During last night's GOP debate in South Carolina, a state that is not only socially conservative but very pro-military, Republican frontrunner Donald Trump dropped a 50-megaton truth bomb on the audience:
Obviously, the war in Iraq was a big, fat mistake…. George Bush made a mistake. We can make mistakes. But that one was a beauty. We should have never been in Iraq. We have destabilized the Middle East.
He also added this, in an exchange with Marco Rubio:
RUBIO: …I think you can look back in hindsight and say a couple of things, but he kept us safe. And not only did he keep us safe, but no matter what you want to say about weapons of mass destruction, Saddam Hussein was in violation of U.N. resolutions, in open violation, and the world wouldn't do anything about it, and George W. Bush enforced what the international community refused to do.
And again, he kept us safe, and I am forever grateful to what he did for this country.
TRUMP: How did he keep us safe when the World Trade Center— the World—excuse me. I lost hundreds of friends. The World Trade Center came down during the reign of George Bush. He kept us safe? That is not safe. That is not safe, Marco. That is not safe.
Will last night's debate be the beginning of the end of the affair between Trump and Republican voters? Various observers think so, given the billionaire's ragged performance last night, inevitably described as grouchy, cranky, and defensive.
I'm less interested in that then the fact that Trump told a Republican audience what only a few stray party loyalists have been willing to say for the better part of the 21st-century so far: Invading Iraq was indeed a mistake on the conceptual level and a failure on a practical one. Does anyone doubt that the Middle East is destabilized? Or that it has much, if not quite everything, to do with the American invasion of Iraq (and let's dispense with the fiction that there was an international "coalition of the willing")?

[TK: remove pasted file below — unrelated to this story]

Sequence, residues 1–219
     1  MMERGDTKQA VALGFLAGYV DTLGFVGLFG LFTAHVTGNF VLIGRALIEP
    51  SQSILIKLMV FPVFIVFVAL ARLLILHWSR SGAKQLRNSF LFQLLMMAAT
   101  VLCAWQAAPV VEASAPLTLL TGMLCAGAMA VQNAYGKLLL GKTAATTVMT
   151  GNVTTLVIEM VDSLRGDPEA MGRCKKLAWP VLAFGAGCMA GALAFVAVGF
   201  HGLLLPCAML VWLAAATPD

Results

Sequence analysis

Republicans may want to blame Barack Obama for squandering the non-exsistent gains of the Bush-era surge and refusing to stay in Iraq rather than following the withdrawal plan brokered by Bush, but even they know deep down that the war was poorly prosecuted. In 2011, for instance, 65 percent of Republicans said they thought the war had "succeeded" (whatever that means) but by 2014, only 38 percent did. Oddly—and perhaps just out of partisan loyalty—in 2014, a majority of Republicans thought the war was justified. Democrats were less likely to think the war was justified (about 28 percent) but more thought it succeeded (38 percent).
In any case, for libertarians and independents, it's a good thing to hear a major-party candidate (a frontrunner no less!) say what is plainly true to most of us: Invading Iraq was a mistake (at best) and the war has only created more problems in a region never short on them to begin with.
Recognizing basic reality seems like a prerequisite for smarter and more-effective U.S. foreign policy and if takes Donald Trump of all people to say the unsayable, well good on him.